By Ed White, Air Force Space Command Public Affairs
/ Published February 15, 2008
PETERSON AIR FORCE BASE, Colo. -- Chief Master Sergeant Michael T. Sullivan retired Feb. 14 after 31 years of service. His position as Air Force Space Command's command chief master sergeant has given him the ultimate opportunity to do what he loves best - serve his country, advise his commander and mentor his Airmen in a command that covers 13 time zones, 160 units and over 48 locations worldwide.
At a balcony call at the command's headquarters just days before Chief Sullivan's retirement, Gen. Robert Kehler, AFSPC commander, said, "General Eisenhower used to say that sergeants are the Army. I think you could say the same thing about the Air Force - Airmen and NCOs are the Air Force.
"So let me say thanks on behalf of all of Air Force Space Command. Thanks for all you have done, and thanks for the leadership you have provided," he said.
The retirement ceremony was held in the base museum's hangar where family and friends gathered to pay tribute to the chief. Col. Darryl Burke, senior military assistant to the Secretary of the Air Force and one of Chief Sullivan's former commanders described him as "a leader in the true sense of the word. He is the best chief I have ever worked with ... period."
Colonel Burke added that the chief is known for two things - his moral courage and the fact that he just likes to lead Airmen.
Chief Sullivan enlisted in the Air Force Dec. 29, 1976, at 5:15 p.m. - a Friday - because he wanted to get the Vietnam era GI Bill benefits. Those benefits were no longer offered after Dec. 31.
"I came in to get the college benefits," Chief Sullivan said. "I had the intention of doing my four-year enlistment, getting out, getting my degree and going to be a teacher. After being in for a little bit I thought, 'Well, I'll get out, get my degree and come back in as an officer.' I never got that far."
In his first assignment after technical training, he was a crew chief on a DC-130 aircraft at Davis-Monthan AFB in Arizona. It was here that Chief Sullivan began to see the real Air Force.
"There was a guy on the flight line, a tech sergeant named Richard Smith," Chief Sullivan said. "He was just a stand-out guy from a professional aspect. He had a way of interacting with us as Airmen that kept us on the right path, and he didn't hesitate to tell us when we were out of step. We all wanted to be like him."
Over the years Chief Sullivan has deployed and changed homes many times, sometimes with his family and others without. He credits Donna, his wife of 25 years, with holding the home front together.
"She chose me, and I got lucky enough -- blessed enough -- to say yes," Chief Sullivan said. "She truly held the place together and took great pride in what I was doing. She kept me going at times when I thought I had had about enough.
"I had been passed over for senior (master sergeant) four times. I was ready to quit as a master sergeant. I had been an (Airman Leadership School) commandant, an (Airborne Warning and Control System) flight engineer, been to some beautiful places, seen some great things, and had a great career, but she said, 'Oh no, you are not quitting!' So, here I am today."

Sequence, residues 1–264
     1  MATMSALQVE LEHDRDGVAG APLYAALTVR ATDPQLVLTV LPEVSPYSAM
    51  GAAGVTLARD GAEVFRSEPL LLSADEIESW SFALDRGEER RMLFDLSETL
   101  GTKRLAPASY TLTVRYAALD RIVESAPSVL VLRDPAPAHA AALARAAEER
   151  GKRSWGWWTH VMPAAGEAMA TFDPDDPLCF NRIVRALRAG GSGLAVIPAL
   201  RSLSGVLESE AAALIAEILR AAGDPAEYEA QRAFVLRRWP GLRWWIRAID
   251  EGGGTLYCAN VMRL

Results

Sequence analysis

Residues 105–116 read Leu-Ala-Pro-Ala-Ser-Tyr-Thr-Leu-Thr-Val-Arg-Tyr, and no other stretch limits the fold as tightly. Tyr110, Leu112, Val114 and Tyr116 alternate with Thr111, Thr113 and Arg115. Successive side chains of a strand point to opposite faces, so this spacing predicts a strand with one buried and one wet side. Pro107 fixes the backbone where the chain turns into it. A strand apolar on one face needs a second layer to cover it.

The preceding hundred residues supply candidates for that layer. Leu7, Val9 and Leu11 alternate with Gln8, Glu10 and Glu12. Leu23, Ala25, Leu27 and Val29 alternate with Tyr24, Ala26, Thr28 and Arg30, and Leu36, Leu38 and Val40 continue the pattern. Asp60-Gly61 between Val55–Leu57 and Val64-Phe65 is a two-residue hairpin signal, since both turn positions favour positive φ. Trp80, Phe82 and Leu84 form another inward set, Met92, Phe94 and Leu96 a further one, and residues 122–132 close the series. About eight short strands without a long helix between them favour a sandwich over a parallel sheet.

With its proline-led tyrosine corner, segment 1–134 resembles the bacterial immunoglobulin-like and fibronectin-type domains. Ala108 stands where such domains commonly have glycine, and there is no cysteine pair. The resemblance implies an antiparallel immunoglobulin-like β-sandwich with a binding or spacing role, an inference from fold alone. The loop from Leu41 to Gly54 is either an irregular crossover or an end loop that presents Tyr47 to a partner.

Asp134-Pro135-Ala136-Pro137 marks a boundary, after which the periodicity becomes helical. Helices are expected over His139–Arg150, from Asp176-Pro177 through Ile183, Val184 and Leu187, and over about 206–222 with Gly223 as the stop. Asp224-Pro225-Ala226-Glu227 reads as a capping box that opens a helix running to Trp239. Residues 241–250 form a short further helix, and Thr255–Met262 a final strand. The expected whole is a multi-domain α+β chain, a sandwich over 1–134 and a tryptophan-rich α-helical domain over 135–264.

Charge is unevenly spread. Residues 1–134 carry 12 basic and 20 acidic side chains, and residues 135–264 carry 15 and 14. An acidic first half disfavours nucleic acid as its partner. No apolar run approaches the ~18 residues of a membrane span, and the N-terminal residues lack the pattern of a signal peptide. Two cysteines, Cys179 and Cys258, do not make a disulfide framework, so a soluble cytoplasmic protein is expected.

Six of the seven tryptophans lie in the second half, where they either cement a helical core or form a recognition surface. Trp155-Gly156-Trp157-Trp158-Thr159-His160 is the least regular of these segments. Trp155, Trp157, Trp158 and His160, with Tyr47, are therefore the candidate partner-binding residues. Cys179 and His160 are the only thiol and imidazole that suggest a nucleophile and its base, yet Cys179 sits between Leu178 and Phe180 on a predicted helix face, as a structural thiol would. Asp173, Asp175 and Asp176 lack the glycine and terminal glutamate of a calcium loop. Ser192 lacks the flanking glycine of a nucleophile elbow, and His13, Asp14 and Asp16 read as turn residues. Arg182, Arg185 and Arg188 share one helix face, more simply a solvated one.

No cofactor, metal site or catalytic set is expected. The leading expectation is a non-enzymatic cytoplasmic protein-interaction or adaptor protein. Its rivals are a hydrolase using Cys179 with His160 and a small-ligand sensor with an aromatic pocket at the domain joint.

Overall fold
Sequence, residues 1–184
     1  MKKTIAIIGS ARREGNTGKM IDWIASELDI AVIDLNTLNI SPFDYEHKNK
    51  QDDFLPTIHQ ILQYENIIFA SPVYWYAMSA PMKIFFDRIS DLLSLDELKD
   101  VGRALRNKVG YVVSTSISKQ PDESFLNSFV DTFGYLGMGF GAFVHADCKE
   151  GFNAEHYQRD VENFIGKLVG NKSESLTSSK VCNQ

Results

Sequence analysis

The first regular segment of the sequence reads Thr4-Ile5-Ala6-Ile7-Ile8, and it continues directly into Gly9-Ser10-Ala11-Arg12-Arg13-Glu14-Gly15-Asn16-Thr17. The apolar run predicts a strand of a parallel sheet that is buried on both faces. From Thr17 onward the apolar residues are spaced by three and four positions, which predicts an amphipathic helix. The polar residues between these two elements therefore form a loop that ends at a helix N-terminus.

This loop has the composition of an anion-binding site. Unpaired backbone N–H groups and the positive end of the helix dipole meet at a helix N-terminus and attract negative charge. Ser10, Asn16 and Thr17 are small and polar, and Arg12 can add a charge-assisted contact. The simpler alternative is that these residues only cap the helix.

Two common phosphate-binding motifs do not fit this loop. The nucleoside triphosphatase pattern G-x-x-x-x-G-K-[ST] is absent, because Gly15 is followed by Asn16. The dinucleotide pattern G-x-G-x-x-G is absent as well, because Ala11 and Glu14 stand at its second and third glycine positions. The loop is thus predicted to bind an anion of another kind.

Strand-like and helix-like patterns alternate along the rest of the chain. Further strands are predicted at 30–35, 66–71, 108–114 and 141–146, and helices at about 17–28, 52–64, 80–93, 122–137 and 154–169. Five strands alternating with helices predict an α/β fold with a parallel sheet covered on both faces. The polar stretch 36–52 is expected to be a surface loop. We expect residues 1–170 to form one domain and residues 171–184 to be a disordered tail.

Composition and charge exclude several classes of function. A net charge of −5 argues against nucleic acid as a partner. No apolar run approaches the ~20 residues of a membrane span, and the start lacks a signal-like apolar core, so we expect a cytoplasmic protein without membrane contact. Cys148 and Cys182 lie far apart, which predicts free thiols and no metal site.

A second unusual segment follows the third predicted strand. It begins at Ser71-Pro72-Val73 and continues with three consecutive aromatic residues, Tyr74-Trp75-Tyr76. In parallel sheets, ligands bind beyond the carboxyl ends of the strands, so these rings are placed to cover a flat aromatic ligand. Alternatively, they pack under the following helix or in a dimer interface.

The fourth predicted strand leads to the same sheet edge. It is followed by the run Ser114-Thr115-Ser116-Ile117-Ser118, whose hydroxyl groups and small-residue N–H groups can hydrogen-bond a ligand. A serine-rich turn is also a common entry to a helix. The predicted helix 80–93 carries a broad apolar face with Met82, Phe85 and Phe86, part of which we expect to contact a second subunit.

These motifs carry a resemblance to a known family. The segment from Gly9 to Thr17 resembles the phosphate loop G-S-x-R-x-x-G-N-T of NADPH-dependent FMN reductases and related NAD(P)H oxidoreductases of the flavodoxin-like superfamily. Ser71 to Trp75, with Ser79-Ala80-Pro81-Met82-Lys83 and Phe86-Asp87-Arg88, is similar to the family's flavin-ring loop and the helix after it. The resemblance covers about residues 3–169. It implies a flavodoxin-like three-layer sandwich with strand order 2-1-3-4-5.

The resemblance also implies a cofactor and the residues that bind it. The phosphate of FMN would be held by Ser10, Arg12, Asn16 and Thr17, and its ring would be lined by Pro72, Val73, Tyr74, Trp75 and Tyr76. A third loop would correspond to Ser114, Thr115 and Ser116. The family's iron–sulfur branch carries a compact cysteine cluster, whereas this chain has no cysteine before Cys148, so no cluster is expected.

Chief Sullivan has had many interesting and challenging assignments, whether flying AWACS on the Saudi-Kuwait border, serving as the superintendent of flight engineer training, or working with NATO forces, he always brought his unique knowledge, skills and abilities to his jobs. However, during his time spent as an Air Force recruiter, Chief Sullivan had one of those rare life moments that he believes still has not been repeated in the Air Force. He got to enlist his father.
"Not only did I get to enlist my own father," he said. "I enlisted him for the exact same position on the manning document that I vacated to become a recruiter. So, he inherited my headset, my checklist and my toolbox. They didn't have to change a name on anything."
Whether he was directly mentoring Airmen or setting the standard through his example, Chief Sullivan has always known that the Air Force is measured by its people. He took a hand up from the generation he followed and has always offered the same to those who will follow. For those coming behind him up through the ranks, Chief Sullivan has some advice.
"Never write an Airman off. Always develop them, invest in them and make sure that they are ready to take your place," he said. "If you see one going the wrong way, get a hold on him and put him back on the right course."
Sullivan's plans do not include sitting around and watching the grass grow. The service ethic is too strong within him. In fact his plans have come full circle from when he originally enlisted.
"I will probably go out and complete my degree," he said. I will get a certificate and get to teach and continue to invest in generations elsewhere."
Summing up his career, he identified the best part of his 31 years of service.
"The best part of serving in the Air Force has, by far, been the people," he said. "Everywhere I have been I have come across people who are wonderful patriots. They have great work ethics. They care about the people they work with. They tend to be morally a cut above the rest of society and I enjoyed their company. They gave me a reason to be better. They lifted me up when I needed it."